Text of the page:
The Cape May-Lewes Ferry’s Passenger Service Improvements

Though business has been steady since it first launched in 1964, new seats, earlier departures and on-board activities make the 85-minute cruise a destination all its own.

It’s a blazing afternoon on Lewes Beach, and children are skipping over bleached horseshoe crab shells while their parents click their Kindles and adjust their umbrellas. Regular visitors don’t look up when a large ship pulls away from Lewes, even when the sun strikes its alabaster decks and cawing seagulls take flight to keep it company.
That’s because the Cape May-Lewes Ferry vessels have become as familiar to beach-lovers as the lighthouses and breakwaters. Since it launched in 1964, the service has ferried more than 40 million passengers across the 17-mile gap between the two historic towns.
This year, the ferry has installed new seats to better accommodate passengers. It has also added new early morning departures (6:30 a.m. from Cape May; 8 a.m. from Lewes.) “It’s something our customers had mentioned often,” says James Salmon, public information officer for the Delaware River and Bay Authority, which owns and operates the service.
Yet the ferry is more than a way to reach a destination. It is a destination. Some take the 85-minute trip just to see the lighthouses—which can be accessed only by water—and the point at Cape Henlopen. Birdwatchers appreciate the views from sea, and dolphin sightings aren’t uncommon.
The ferry also offers special onboard activities. In July and August, for instance, kids can cruise with Pirate Pete, the ferry mascot, face-painters and children’s entertainers. The play date is scheduled for Wednesdays from Cape May and on Thursdays from Lewes.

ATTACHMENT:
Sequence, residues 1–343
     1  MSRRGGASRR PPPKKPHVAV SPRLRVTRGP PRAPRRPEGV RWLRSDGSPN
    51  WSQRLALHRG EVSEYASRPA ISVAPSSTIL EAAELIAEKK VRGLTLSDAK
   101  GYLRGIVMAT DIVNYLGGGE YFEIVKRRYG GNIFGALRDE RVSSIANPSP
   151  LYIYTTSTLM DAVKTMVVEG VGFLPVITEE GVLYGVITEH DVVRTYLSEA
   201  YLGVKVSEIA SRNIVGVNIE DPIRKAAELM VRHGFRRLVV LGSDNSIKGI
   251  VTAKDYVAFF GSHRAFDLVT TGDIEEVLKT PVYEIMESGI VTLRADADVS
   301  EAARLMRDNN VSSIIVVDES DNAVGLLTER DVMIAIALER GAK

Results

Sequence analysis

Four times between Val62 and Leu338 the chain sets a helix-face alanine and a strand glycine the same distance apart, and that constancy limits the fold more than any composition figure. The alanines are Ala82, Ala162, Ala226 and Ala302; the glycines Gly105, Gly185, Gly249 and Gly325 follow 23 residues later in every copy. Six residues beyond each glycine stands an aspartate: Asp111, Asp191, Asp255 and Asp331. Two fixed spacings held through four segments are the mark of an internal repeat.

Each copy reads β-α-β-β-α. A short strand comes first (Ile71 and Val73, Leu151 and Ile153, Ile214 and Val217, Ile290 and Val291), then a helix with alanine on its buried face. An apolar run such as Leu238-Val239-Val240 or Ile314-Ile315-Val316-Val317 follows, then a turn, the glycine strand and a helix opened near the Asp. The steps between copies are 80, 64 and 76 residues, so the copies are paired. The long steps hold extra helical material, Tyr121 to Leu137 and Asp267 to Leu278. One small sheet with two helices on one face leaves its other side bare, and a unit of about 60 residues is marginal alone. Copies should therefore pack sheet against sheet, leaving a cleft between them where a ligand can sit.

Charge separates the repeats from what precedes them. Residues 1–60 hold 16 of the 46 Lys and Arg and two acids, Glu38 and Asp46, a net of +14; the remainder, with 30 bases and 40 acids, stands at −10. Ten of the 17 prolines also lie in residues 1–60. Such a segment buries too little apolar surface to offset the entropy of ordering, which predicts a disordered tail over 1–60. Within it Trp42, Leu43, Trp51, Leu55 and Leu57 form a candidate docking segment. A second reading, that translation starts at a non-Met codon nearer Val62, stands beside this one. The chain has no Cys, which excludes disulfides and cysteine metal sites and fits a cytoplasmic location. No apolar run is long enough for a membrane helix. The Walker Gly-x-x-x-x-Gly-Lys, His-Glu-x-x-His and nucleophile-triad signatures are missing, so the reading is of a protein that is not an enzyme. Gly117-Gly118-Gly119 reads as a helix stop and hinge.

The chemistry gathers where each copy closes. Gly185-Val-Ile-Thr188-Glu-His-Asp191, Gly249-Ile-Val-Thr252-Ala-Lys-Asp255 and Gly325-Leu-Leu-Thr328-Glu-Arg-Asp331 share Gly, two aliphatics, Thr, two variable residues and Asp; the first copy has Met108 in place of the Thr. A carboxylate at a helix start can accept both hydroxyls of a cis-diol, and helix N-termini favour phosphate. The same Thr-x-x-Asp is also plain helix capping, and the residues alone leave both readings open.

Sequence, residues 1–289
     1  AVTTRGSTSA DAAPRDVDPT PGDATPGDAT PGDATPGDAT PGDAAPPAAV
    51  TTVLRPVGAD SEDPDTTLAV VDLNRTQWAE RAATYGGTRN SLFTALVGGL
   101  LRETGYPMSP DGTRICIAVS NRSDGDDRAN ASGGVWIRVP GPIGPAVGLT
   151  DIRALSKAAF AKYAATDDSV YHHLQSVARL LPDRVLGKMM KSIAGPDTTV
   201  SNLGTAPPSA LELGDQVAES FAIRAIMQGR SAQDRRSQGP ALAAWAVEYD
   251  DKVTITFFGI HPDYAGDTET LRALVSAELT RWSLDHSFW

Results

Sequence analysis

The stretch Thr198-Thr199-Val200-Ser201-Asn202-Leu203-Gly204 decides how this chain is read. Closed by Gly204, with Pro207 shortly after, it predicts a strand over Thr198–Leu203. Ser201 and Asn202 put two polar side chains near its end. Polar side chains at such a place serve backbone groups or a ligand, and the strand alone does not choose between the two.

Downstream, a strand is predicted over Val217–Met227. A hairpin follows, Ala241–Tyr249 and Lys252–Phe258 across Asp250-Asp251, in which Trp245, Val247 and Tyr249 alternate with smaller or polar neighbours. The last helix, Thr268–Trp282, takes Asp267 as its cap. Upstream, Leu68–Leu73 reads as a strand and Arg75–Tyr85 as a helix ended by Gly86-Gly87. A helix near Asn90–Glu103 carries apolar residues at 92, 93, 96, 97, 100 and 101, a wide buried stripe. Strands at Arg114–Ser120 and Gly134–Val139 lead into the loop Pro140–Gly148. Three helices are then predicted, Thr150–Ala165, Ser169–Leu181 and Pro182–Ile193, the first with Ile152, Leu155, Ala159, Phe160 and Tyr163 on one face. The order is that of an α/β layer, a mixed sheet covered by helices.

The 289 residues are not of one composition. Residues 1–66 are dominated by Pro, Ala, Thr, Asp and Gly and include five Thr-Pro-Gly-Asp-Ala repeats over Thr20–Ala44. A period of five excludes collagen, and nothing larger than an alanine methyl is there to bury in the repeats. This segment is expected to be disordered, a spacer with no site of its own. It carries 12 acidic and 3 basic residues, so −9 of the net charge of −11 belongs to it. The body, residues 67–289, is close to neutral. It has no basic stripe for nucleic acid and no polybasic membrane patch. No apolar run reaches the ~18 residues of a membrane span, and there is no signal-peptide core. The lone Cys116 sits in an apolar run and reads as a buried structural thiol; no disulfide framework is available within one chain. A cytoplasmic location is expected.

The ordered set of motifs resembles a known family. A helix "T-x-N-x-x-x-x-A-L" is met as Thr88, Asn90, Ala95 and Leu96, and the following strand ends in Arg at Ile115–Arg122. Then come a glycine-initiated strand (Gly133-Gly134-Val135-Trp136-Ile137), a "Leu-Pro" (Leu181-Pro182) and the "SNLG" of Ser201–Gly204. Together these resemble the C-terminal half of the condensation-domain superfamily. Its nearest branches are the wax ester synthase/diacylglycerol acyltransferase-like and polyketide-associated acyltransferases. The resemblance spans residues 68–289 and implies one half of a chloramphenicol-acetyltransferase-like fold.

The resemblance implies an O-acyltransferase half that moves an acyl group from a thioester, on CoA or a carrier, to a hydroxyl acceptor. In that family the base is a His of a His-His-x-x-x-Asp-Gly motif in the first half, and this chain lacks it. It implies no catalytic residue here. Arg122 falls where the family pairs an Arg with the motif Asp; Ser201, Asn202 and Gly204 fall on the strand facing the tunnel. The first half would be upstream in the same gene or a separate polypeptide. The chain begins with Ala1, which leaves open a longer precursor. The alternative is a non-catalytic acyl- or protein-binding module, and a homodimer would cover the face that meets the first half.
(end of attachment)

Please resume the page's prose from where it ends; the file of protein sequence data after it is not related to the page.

Tuesdays get a tropical flavor with festive drinks and Caribbean music. Friday happy hours on the ship feature “Rock the Boat” evenings with bands, including Blondage (July 7 and 14) and Sir Beatle (July 21 and Aug. 8).
On July 3, the ferry will take passengers from Lewes to watch the fireworks, which blast off from a barge near Cape May. (People can gather on the terminal’s lawn on the Cape May side to view the show.)
The events don’t end in the off-season. Sip wine with appropriately paired food on Fridays and Saturdays, from Sept. 13 to Oct. 5, and enjoy a Rhythm & Blues Cruise on Oct. 12.
The terminals are equally eventful. Consider the Brews by the Bay event at the Lewes terminal on June 15, and paranormal investigations led by Delmarva Historic Haunts. (Dates to be announced.) Founder Rick Coherd has witnessed a spike in paranormal activity on the site. A historical marker on the property tells of a burial ground in the “immediate vicinity” for the unidentified sailors whose bodies washed ashore.
Families on both sides of the bay can play miniature golf and enjoy On the Rocks, the terminal’s restaurant. This year, Highwater Management, run by Matt Haley, is managing the food operations. “We expect the relationship to result in better food and service for our customers,” Salmon says.
To be sure, you don’t even need to board the ferry to enjoy a burger, a brew and the view. “It’s a great location logistically,” Haley says. “There’s a ton of potential to improve an already great product.”

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